These are some of the same reasons that contraceptives matter to women in developing countries. Like all parents, they want their children to grow up healthy and go to school. Contraceptives don't do all this, of course. They are a single link in a long chain that includes proper nutrition, vaccines, clean water, productive farms, and high-quality public schools. But they are the first link, and they give parents a much better opportunity to complete the chain. As one young mother in Kenya told me, "I want to bring every good thing to my child before I have another."
There are convincing data showing the long-term impact of contraceptives. The leading study, ongoing in Bangladesh for the past 35 years, proves that people who have access to and education about contraceptives have a higher quality of life in almost every conceivable way than those who don't. They are healthier, less likely to die in childbirth, and less likely to have children who die. They are better educated, with sons and daughters who have more schooling. And they are more prosperous: Their households have more total assets, including land, livestock, and savings. On an even larger scale, economists have argued convincingly that the so-called East Asian economic miracle of the 1980s was due in large part to parents in the region deciding to have fewer children.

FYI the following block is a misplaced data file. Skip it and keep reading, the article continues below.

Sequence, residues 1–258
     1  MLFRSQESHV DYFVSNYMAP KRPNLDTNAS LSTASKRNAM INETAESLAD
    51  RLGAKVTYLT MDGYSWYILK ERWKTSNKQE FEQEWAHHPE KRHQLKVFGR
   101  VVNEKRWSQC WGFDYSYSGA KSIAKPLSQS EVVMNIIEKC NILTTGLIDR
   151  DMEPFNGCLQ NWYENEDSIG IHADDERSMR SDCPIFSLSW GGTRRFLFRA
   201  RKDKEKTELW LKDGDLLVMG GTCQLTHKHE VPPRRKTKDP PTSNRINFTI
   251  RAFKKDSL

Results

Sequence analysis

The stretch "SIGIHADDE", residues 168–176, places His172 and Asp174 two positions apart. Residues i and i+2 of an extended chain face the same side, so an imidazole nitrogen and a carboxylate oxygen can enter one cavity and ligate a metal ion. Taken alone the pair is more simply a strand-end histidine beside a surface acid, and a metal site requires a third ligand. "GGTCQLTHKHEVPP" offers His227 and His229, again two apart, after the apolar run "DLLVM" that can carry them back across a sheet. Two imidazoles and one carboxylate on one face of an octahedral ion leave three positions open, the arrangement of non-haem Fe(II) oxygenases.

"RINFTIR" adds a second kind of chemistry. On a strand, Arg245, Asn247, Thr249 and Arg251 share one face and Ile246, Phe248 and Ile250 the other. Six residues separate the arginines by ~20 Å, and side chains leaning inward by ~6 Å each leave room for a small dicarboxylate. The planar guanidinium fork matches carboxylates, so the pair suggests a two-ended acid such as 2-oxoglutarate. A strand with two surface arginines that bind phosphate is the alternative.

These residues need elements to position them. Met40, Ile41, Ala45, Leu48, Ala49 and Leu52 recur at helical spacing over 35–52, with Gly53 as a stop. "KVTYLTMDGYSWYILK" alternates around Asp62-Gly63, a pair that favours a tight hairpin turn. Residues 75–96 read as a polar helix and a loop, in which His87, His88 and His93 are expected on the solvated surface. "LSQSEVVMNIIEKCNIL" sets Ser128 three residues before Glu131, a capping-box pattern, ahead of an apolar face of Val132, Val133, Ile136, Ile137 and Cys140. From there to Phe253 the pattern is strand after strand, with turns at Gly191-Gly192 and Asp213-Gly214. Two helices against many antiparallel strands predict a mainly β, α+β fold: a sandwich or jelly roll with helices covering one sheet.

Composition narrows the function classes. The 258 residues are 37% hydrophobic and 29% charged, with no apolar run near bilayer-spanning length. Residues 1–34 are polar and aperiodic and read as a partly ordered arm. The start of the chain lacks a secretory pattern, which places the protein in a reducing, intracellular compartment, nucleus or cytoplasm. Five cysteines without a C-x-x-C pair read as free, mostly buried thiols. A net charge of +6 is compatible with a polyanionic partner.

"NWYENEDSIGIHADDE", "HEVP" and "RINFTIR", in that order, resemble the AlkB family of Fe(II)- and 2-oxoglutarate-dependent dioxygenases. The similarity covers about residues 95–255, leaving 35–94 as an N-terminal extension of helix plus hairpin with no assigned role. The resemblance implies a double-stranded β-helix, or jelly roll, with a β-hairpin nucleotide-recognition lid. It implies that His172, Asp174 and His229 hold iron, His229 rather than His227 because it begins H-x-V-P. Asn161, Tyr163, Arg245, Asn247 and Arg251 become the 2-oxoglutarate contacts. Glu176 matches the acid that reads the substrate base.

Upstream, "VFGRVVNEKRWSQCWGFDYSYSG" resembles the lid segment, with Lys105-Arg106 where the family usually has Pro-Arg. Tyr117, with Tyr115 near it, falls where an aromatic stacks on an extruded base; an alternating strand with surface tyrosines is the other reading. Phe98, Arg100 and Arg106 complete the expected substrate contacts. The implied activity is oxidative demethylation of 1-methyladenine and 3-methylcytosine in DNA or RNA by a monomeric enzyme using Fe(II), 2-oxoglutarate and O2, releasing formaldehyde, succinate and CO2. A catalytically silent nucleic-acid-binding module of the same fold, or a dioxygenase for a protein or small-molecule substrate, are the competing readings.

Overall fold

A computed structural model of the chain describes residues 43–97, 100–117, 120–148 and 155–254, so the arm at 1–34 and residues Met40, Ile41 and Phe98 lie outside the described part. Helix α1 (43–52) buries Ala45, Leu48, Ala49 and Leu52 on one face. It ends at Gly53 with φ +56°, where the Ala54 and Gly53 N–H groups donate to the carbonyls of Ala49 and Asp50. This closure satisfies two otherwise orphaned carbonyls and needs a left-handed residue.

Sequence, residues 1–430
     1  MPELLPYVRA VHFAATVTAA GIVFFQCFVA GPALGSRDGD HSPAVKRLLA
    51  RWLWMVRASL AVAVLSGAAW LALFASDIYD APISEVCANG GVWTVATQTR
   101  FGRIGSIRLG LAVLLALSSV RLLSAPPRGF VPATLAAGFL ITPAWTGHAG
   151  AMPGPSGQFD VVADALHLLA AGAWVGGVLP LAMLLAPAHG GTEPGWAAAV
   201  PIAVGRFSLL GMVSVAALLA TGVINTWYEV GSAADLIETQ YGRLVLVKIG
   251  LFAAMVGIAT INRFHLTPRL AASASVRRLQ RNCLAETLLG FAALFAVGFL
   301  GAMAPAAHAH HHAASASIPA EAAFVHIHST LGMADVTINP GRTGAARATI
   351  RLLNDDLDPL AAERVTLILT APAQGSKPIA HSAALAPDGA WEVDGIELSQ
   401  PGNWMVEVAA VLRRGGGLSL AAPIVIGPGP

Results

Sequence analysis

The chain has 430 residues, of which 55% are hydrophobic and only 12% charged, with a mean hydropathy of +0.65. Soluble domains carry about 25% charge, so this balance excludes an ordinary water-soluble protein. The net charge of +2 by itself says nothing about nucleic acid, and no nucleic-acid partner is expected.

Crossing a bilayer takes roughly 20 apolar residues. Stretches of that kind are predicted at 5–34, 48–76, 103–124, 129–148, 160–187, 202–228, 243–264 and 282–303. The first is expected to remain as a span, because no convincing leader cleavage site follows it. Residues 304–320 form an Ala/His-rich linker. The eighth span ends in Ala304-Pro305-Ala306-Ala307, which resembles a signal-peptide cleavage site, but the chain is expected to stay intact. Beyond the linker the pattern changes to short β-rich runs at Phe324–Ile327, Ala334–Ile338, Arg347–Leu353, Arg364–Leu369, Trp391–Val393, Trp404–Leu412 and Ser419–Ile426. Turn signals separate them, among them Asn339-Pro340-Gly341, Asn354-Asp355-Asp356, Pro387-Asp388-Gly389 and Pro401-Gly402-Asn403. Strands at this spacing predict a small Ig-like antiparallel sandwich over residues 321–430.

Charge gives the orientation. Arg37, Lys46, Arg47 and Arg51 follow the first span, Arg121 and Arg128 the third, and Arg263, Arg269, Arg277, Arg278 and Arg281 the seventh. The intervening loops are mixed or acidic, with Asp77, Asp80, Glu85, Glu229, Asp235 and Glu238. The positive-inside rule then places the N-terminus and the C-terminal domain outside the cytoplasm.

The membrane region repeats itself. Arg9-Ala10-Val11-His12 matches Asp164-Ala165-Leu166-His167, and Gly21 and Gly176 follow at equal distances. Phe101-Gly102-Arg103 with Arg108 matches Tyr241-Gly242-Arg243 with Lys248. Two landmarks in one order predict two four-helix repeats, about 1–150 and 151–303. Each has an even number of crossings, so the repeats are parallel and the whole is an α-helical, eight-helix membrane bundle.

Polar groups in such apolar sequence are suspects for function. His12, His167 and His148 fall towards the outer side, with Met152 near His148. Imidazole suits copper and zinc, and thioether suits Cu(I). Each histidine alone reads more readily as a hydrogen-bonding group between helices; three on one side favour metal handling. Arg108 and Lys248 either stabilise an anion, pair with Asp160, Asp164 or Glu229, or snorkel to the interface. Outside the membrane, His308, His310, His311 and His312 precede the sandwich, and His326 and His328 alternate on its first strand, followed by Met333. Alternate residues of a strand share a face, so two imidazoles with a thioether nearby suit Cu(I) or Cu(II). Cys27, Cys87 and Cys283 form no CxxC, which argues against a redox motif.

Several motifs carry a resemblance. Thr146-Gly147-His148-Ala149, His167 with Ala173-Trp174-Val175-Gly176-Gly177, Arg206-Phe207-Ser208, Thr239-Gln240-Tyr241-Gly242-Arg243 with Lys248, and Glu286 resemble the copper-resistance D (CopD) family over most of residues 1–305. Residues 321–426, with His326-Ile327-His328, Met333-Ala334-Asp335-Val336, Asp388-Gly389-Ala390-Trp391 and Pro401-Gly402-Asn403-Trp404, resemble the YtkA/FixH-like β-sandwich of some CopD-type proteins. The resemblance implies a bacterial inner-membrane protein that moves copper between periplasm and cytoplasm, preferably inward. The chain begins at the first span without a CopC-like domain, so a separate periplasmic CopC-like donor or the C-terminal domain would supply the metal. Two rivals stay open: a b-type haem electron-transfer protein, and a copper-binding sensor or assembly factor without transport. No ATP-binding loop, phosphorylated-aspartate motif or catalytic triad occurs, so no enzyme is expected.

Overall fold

Contraceptives unlock one of the most dormant but potentially powerful assets in development: women as decision-makers. When women have the power to make choices about their families, they tend to decide precisely what demographers, economists, and development experts recommend. They invest in the long-term human capital of their families. They don't do it because they're worried about GDP; they do it because they're worried about their children's futures. But the two fit together beautifully.
Today I tell people that I want to help put women at the center of global health and development work -- and that contraceptives are one of the best ways to do that. Because when women everywhere have the power to achieve their goals, they will be doing the majority of the work of development by themselves.